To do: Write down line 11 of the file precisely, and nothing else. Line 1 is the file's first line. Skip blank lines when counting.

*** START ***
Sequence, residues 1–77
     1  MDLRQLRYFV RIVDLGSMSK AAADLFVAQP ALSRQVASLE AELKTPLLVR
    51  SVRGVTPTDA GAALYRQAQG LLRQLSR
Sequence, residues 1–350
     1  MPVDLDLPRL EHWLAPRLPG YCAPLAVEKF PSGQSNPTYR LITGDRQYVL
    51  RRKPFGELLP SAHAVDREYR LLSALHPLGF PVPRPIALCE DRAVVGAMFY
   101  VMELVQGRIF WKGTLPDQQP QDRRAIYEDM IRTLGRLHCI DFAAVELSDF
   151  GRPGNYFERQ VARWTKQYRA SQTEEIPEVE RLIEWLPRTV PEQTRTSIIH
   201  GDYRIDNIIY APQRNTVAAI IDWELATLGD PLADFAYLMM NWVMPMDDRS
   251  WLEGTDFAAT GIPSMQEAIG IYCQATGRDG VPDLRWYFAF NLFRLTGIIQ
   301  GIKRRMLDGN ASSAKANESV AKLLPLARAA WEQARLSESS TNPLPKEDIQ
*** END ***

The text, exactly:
   301  GIKRRMLDGN ASSAKANESV AKLLPLARAA WEQARLSESS TNPLPKEDIQ